3.1.2. Cancer Biomarker Discovery

    Besides their potential application for cancer therapy, EVs also represent a valuable source of circulating biomarkers (Table 1). High EV concentrations have been found in several body fluids, including blood, urine, saliva, cerebrospinal fluid, lymph, pleural effusions, semen, bronchoalveolar lavage, bile, synovial fluid, nasal secretions, breast milk, ocular effluent and ascites (as reviewed in [105]). As alterations in cell glycosylation are a common feature of cancer progression, and glycans are highly present in cancer EVs [106][107], the disclosure of cancer EV glycosylation holds a tremendous potential to identify novel reliable cancer EV biomarkers. In fact, most of the currently available cancer biomarkers are based on the detection of glycans, including the sialyl Lewis A antigen (CA19-9) and the STn (CA72-4), or glycoproteins, such as the alpha-fetoprotein (AFP), the prostate-specific antigen (PSA), mucin 16 (CA125), mucin 1 (CA15-3) and the carcinoembryonic antigen (CEA), which are used to follow both patient treatment response and tumor recurrence in several types of cancers (as reviewed in [3][4][108]).Interestingly, the carbohydrate antigen CA125 was identified in serum-derived exosomes from patients with ovarian cancer and the detected levels were significantly higher in the exosomes when compared to the levels detected directly in the serum of these patients [109]. Yokose and his collaborators also studied the glycan profiles of serum EVs and revealed a significant increase in O-glycosylated EVs in pancreatic cancer patients in the early stages of the disease, even when the patient samples were negative for the CA19-9 antigen [110]. Interestingly, elevated levels of CA19-9 were detected in exosomes from pancreatic cancer patients when compared to healthy samples. The analysis of CA19-9 in exosomes proved to be more sensitive than its direct measurement from the serum, which allowed to identify CA19-9 positive exosomes in patients thought to be negative for the presence of this antigen [111]. In addition, a highly glycosylated form of the CD133 glycoprotein carrying increased levels of sialic acids was found in exosomes from pancreatic cancer patient’s ascites and was also associated with patient survival. Although further studies are needed, these results demonstrate the prognosis potential of CD133-specific glycosylation in pancreatic cancer [112]. In addition to glycoproteins, the glycosphingolipids abundantly present on the surface of prostate cancer EVs have also been reported as promising biomarkers for this type of cancer [113]. The overexpression or de novo synthesis of particular glycans or glycoconjugates during cancer progression holds the potential to differentiate tumor EVs from benign EVs. Indeed, the proteoglycan glypican-1 (GPC1) and the tumor antigen chondroitin sulfate proteoglycan 4 (CSPG4) were detected in tumor exosomes from heterogeneous samples of pancreatic cancer [114] or melanoma [115], respectively. In both cases, these glycoproteins were able to differentiate tumor-derived EVs from non-malignant particles. In a recent study, the proteoglycan versican (VCAN) and the glycoprotein tenascin C (TNC) also proved to be able to distinguish tumor from non-tumor tissues with high sensitivity and specificity, pointing to their use as cancer EVs markers [116]. In the same study, the galactoside-binding soluble 3 binding protein (LGALS3BP) was identified in most of the EV samples [116], which is in line with the previous reports of the presence of LGALS3BP in uveal melanoma [117] and ovarian cancer EVs [56][118]. Interestingly, the LGALS3BP protein was also found to be strongly enriched in the recently discovered cancer exomere particles [35]. Moreover, the glycoprotein basigin (CD147 or EMMPRIN) and the proteoglycan biglycan (BGN) were found enriched in pancreatic tumor EVs when compared to EVs secreted by non-tumor adjacent tissues [116]. In accordance, highly glycosylated variants of EMMPRIN were predominantly detected on cancer patient-derived microvesicles and were positively correlated with poor survival in several types of cancer [119]. In addition, the O-GlcNAc glycosylation has also been found elevated in breast [120] and colorectal cancer EVs [121], when compared to normal conditions. In particular, the O-GlcNAc modification of the transitional endoplasmic reticulum ATPase (TER ATPase) and RuVB-like1 proteins was identified in colorectal metastatic EVs [121]. Elevated levels of O-GlcNAc were also detected in TER ATPase as well as in 70 kDa heat-shock protein (HSP70) proteins present in breast cancer EVs, which may act to protect cytosolic and nuclear proteins against degradation [120]. The elevated presence of this type of glycosylation modification conjugated with specific proteins identified in tumoral EVs when compared to normal conditions suggests its potential use as a biomarker for both breast cancer and metastatic colorectal cancer.Despite the high potential of EV glycosylation in the discovery of novel cancer biomarkers, studies addressing the glycan profile of blood circulating EVs are still quite scarce. Nevertheless, the N-glycome of exosomes from hepatocellular carcinoma patient samples was characterized using a reverse capture strategy, and the majority of the N-glycans found in EVs from patients with HCC were modified with sialic acids or fucoses, in contrast to the N-glycans identified in EV from healthy samples [122]. Walker et al. also reported significant differences between the glycan profiles identified directly in the plasma or the plasma-derived EVs from the same individuals [123]. Interestingly, a new integrated analytical platform, termed the integrated magnetic analysis of glycans in extracellular vesicles (iMAGE), was developed to directly analyze the EV glycosylation profile in biological samples. This platform aims to facilitate the EV glycome analysis taking advantage of the magnetic nanotechnologies [124]. The effectiveness of this strategy was evaluated by spiking kidney and brain cancer-EVs into urine and serum EV-depleted samples, respectively, and analyzing the glycan signatures. This strategy proved to be efficient in detecting EVs. Subsequently, when analyzing the glycan profile of ascites samples from patients with gastric and colorectal cancer, it was possible to distinguish patients based on their prognosis only by the glycans present at the EV surface. The distinction of these patients was possible by the increased signal of different lectins associated with a poor prognosis, including the Jacalin, ConA, RCA120, PHA-E, STA, LEL, WGA, DSL and LCA lectins. Although further studies are needed to prove the iMAGE platform’s robustness, this new method of profiling glycans may prove to be very useful in the search for novel biomarkers in cancer research [124]. Although several techniques can be used to analyze glycans, their study faces several technical challenges. The most commonly used methods only provide relative and not absolute quantification of the glycans present in a sample and are often based on a targeted search for specific patterns of cancer-associated glycans [125]. In addition, the variability of the results obtained when the same samples are analyzed in different laboratories, in which different methods were used, demonstrates the difficulty in choosing the best methodology, and the need for reference standards that support that choice [126]. Nevertheless, the presence of different glycosylation profiles under normal and cancer conditions highlights the potential of studying EV-specific glycosylation for the identification of novel cancer circulating biomarkers. Indeed, the studies addressing EV glycosylation denote a high potential of EV glycans to distinguish from normal vs. tumoral EVs. Therefore, we believe further in-depth studies of EV glycosylation will bring several benefits for the future of cancer patients.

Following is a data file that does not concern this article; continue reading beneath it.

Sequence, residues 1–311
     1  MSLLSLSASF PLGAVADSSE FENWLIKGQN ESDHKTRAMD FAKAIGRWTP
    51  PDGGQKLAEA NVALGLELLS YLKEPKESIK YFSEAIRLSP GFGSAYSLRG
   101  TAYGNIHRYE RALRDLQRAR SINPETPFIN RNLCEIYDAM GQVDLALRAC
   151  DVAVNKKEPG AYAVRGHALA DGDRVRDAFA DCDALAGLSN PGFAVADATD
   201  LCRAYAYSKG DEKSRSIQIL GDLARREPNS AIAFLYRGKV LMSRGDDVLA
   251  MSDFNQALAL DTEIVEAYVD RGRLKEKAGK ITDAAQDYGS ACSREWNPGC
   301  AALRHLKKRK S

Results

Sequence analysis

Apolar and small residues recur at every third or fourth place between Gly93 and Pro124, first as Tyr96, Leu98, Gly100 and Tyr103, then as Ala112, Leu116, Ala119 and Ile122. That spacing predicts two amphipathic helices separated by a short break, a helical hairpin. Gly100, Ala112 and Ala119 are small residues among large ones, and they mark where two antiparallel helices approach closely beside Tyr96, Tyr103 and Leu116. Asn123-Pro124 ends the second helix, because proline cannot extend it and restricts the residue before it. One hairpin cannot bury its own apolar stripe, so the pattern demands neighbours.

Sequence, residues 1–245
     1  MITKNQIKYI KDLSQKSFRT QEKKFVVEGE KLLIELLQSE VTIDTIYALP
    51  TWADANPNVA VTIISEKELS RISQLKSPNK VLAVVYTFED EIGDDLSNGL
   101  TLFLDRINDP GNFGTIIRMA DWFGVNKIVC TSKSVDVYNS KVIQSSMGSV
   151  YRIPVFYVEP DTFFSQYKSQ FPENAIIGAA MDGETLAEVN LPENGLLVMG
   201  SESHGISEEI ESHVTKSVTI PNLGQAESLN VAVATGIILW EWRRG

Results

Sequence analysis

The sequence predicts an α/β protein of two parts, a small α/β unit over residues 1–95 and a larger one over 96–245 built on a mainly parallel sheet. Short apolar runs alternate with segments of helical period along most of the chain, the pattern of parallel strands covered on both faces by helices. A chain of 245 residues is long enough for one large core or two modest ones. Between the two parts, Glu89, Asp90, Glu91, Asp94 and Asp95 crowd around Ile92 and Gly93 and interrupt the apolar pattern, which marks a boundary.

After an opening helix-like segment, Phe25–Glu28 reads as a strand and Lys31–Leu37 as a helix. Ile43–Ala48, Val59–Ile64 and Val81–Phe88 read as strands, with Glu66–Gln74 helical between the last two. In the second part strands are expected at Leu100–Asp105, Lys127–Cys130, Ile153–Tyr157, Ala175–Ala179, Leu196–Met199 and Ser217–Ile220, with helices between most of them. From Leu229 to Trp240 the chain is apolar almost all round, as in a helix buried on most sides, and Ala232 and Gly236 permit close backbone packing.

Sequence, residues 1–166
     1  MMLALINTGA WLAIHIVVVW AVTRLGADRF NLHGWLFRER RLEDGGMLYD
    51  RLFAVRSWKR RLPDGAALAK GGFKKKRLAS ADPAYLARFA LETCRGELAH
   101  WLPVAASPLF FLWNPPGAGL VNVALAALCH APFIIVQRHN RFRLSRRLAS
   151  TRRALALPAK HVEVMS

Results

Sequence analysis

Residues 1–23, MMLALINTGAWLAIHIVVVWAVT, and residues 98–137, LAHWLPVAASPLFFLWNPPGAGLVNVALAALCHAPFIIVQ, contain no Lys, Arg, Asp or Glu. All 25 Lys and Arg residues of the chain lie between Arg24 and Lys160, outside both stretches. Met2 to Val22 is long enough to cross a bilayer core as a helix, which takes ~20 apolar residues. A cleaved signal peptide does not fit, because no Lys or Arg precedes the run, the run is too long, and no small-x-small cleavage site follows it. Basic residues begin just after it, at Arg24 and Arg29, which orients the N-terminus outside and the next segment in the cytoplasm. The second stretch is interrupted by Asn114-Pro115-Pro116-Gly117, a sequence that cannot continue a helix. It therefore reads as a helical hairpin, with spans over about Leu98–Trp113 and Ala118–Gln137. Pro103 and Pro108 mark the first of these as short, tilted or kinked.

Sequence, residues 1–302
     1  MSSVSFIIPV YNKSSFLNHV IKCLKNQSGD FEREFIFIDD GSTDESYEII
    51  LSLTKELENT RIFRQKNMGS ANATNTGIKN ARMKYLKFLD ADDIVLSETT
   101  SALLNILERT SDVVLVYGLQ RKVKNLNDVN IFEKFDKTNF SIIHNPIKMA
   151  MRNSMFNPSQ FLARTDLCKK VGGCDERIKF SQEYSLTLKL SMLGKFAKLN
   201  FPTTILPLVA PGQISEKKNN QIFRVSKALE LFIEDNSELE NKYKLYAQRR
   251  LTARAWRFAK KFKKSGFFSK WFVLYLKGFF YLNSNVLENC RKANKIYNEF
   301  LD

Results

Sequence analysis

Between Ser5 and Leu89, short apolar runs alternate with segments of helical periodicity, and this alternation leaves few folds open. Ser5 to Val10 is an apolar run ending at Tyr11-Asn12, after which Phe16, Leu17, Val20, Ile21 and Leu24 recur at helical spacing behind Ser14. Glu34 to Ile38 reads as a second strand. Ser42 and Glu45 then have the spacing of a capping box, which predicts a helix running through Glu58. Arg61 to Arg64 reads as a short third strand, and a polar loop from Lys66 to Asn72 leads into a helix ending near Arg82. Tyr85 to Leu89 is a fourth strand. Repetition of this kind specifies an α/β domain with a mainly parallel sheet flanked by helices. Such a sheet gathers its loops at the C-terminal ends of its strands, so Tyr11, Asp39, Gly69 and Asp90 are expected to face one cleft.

The entry is from 10.3390/cells10010109